Skin cancer is the most common form of cancer in the United States. It is also the most preventable.
Project SAFETY 2011: DVD & Teacher's Guide
This updated module is available free of charge to schools in Texas and beyond. Project S.A.F.E.T.Y. (Sun Awareness For Educating Today's Youth) is a science-based skin cancer awareness and prevention curriculum developed by The University of Texas MD Anderson Cancer Center with Texas Cancer Council funding.
- Was developed by science and health educators
- Uses the classroom to deliver accurate information about the consequences of overexposure to ultraviolet radiation and its role in the development of skin cancer
- Is easily incorporated into your science and health curricula
- Features topics such as ozone depletion, ultraviolet rays and the skin cell cycle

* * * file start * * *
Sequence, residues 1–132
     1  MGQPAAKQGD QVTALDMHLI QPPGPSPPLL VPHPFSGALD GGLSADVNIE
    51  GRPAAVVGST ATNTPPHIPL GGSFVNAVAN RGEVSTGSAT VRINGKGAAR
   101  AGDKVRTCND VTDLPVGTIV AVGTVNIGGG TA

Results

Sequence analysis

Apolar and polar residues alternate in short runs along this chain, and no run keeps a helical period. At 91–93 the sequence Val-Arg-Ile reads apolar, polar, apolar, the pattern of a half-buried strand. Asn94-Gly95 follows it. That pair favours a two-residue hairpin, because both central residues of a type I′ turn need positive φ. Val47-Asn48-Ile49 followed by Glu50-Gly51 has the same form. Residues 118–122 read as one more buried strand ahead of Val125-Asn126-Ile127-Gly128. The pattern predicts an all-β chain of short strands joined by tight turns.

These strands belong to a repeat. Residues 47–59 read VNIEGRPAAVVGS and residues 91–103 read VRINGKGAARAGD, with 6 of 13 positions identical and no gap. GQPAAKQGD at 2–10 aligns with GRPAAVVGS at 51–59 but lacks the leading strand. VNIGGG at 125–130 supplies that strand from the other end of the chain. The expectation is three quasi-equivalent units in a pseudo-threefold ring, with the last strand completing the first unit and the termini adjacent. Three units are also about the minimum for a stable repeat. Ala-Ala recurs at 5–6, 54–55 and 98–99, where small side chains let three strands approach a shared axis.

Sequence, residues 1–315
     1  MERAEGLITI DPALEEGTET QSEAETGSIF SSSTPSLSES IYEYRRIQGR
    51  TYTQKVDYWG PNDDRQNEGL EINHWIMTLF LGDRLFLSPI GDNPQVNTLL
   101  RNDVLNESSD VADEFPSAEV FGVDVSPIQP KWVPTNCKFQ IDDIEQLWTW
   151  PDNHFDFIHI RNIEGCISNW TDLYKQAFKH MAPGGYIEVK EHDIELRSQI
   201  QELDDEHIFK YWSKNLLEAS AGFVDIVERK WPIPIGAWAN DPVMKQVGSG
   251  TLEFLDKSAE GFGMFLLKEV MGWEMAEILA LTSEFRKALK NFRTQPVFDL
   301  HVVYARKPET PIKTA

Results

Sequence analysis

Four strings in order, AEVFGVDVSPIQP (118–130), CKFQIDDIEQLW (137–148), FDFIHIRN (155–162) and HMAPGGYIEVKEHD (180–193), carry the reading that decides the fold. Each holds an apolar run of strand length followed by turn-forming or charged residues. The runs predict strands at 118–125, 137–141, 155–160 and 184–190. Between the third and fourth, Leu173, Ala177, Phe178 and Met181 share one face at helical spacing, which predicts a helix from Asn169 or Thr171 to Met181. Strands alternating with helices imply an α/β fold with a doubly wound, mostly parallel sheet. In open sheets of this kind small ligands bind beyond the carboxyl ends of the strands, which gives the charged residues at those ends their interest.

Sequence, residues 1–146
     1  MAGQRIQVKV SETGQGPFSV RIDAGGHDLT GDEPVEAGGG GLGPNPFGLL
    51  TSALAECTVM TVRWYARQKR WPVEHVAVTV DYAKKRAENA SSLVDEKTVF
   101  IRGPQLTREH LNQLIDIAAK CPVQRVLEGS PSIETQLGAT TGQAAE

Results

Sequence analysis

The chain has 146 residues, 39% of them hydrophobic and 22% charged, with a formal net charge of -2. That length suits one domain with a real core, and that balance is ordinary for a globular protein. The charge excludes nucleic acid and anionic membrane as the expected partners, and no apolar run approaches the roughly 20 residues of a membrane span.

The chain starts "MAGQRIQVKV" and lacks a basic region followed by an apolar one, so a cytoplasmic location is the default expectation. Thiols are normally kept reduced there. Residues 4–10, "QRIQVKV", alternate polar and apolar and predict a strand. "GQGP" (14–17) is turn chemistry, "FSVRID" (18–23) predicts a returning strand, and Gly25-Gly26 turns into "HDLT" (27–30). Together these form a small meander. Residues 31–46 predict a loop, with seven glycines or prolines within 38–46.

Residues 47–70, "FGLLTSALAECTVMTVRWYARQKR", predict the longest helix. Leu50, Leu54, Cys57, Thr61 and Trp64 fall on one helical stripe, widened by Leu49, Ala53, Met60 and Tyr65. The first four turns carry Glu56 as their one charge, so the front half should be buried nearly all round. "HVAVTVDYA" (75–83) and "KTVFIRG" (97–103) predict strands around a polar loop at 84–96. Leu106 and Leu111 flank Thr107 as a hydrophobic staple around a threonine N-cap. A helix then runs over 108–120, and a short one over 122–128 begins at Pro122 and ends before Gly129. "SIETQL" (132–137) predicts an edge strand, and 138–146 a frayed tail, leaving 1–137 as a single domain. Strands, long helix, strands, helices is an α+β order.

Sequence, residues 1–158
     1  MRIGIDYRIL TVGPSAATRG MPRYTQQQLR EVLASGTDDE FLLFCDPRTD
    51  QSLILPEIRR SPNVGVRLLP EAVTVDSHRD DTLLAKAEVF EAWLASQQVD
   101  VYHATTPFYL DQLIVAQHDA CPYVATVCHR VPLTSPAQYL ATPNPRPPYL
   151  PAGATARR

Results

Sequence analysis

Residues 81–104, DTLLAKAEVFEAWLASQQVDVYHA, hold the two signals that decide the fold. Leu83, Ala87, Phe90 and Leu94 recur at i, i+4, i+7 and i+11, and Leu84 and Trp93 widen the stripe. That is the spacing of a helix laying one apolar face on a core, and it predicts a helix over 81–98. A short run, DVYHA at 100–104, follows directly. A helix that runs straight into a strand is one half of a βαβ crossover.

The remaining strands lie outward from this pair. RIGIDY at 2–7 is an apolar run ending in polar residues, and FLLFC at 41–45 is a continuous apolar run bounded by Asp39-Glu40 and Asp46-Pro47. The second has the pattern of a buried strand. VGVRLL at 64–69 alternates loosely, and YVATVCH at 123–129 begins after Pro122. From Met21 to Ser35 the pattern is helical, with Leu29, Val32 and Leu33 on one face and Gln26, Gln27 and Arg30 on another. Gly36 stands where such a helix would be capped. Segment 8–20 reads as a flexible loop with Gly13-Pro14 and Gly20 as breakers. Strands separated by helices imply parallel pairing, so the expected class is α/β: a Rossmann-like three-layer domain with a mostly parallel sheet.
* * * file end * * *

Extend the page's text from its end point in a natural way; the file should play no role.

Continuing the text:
Background and Impact
Severe sunburns occurring in the first 18 years of life are linked to a greatly increased lifetime risk of melanoma (the rarest but most deadly form of skin cancer).
The Project S.A.F.E.T.Y. curriculum teaches children to recognize the early warning signs of melanoma and other skin cancers.
It also emphasizes that anyone can get skin cancer, and teaches the importance of practicing daily prevention and regular skin self-exams.
Girl Scouts "Project S.A.F.E.T.Y. Patch"
Requirements for this sun safety Girl Scout patch include viewing the 10-minute video, “Gear Up for Summer”. Read more.
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